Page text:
Leg 2 Threlkeld to Dumnail Raise

Coming down Seat Sandal to Dunmail Riase
A lush cuppa at Dunmail Raise

The clag was the same for most of the leg 2 and we nearly lost Watsons Dodd, but due to a bit more luck than skill it appeared out of the mist after a worried few minutes. It’s crazy how you can get turned around when the visibility is poor and you don’t pay attention to your bearing! Just as we were topping out of Helvellyn the sun began to poke its head out from beneath the horizon and we were both lost for words by the beauty of it all. This gave us beaming smiles as we bounded down to the awaiting crew at Dunmail Raise.

40 miles in and still smiling at the top of Scafell Pike

Leg 3 Dunmail Raise to Wasdale

We picked up Abel and Pete for leg 3 who were both brilliant with reminding us to eat and drink. Also Abel’s nav was spot on. It was nice to relax a bit and at some points I felt like a little lost puppy as I hooked onto the back of Abel’s heels and blindly followed his every step as he guided us through the rocky rough stuff. Some friends, Dave and Sheila, met us on Scafell Pike and were able to get some brilliant pics on the top. We all looked really cheery even though Dan’s foot had somehow managed to fight its way through the side of his shoe. This isn’t ideal when you have a 2800ft descent off the top of Scafell with a fair amount of scree running. But thanks to some trusty climbing tape the shoe held all the way down to Wasdale.

Leg 4 Wasdale to Honister

I can see why they call Wasdale the graveyard of the Bob Graham as the climb up Yewbarrow is not what you want after your legs have been jellified from that descent. Thankfully the gravedigger did not come calling as we set off with our two fresh new supporters Calum and Sam. As we summited Yewbarrow we bumped into a couple who were sipping on white wine in the sun as they had just completed all the Wainwrights in only three years: kudos to them! Leg 4 was tough, and I had a couple of low moments due to feeling bloated from all the food we had been eating. But after munching on a fresh banana I soon felt better and the miles ticked away. It was nice having Calum and Sam acting as our mums constantly giving us water, slices of pizza and sweeties. On the final descent from Grey Knotts, we both knew that completing the round was going to be possible. This gave us a huge rush of endorphins which pushed us down to Honister.

Mouths full of food at Honister

Leg 5 Honister to Keswick

After more tea and hot food, we picked up Abel again and the 5 of us headed up Dale Head in a jolly mood. Only three more tops! The sun was starting to set, and we basked in the golden light for the final hour on the fells. When we topped out on Robinson, Dan and I embraced in an emotional hug as neither of us could believe what we had just achieved. The steep grassy descent off the top hurt the knees, so a bit of bum sliding made an appearance. It’s a great idea until a load of prickles get stuck in your undershorts. We made a quick change into fresh socks, club vests and road shoes for the final 10km along the road and bounded off with excitement. Surprisingly we were all going at quite a pace considering, and by the time we hit Keswick high street we were doing a full-on sprint. What a feeling to climb the stairs of Moot Hall like so many running legends and have all our supporters there cheering and clapping. We clocked in at 20 hours and 3 minutes, over 40 minutes ahead of our schedule! There were more emotional hugs all round and we just couldn’t stop smiling. This certainly won’t be a moment I will ever forget. I did not really realise how much of a welcoming running community there is in Keswick until people I had never met before were congratulating me and Dan. One guy summed it up nicely by simply saying “Welcome to the club lads!” There is no better way of celebrating the best day out on the fells either of us have ever had than by going to the pub with good company for some food and beers.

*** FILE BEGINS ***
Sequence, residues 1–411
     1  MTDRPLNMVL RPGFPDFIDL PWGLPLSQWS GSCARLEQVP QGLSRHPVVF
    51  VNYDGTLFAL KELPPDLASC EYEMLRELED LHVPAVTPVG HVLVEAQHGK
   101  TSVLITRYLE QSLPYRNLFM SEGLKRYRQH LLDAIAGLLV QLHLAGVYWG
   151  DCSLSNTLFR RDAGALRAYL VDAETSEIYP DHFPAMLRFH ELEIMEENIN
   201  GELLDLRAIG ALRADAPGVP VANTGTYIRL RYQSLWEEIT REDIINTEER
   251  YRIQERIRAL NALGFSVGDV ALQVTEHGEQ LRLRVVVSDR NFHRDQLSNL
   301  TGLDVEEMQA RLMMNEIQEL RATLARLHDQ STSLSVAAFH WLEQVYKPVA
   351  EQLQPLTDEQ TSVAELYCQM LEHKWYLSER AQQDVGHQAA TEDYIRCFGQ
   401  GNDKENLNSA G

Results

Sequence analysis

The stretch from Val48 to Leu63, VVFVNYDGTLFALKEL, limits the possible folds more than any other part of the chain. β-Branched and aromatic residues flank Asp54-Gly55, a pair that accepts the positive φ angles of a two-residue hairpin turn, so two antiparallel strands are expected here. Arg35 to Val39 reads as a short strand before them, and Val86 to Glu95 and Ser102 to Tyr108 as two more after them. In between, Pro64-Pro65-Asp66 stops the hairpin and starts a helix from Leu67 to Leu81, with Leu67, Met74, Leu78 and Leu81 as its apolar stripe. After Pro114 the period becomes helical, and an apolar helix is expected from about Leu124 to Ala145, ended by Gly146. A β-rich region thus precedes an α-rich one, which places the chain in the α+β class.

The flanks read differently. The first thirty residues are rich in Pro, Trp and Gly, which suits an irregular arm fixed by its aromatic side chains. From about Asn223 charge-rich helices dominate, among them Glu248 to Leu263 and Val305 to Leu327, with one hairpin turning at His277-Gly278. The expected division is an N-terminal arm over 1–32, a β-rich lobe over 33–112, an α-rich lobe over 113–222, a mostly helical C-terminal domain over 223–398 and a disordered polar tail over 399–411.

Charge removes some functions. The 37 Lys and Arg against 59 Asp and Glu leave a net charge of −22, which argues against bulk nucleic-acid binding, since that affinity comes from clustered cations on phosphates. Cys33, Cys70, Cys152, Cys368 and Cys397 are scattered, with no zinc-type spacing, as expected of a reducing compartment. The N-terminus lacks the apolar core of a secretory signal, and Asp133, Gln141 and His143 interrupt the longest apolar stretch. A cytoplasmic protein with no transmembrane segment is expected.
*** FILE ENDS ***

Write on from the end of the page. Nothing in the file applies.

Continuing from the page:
Hindscarth: second last summit
Coming down from Robinson, the last summit, in the golden hour

I want to say thank you to Kevin and Lucy Cade for their excellent road support and for supplying some of the best cups of tea I’ve ever had. Thank you Abel, Pete, Calum and Sam for their superb leg support and for keeping us smiling when it got tough. And thanks also to Dave and Sheila for the quality photos, they captured the memories of the day perfectly.

So what’s next then?

–Ollie Roberts

Be prepared

Having recently experienced two incidents in the fells, I thought it wouldn’t hurt to remind myself, and everyone else, of the respect we need to give to the mountains and high fells, and the importance of what we need to carry and how to prepare ourselves for all eventualities.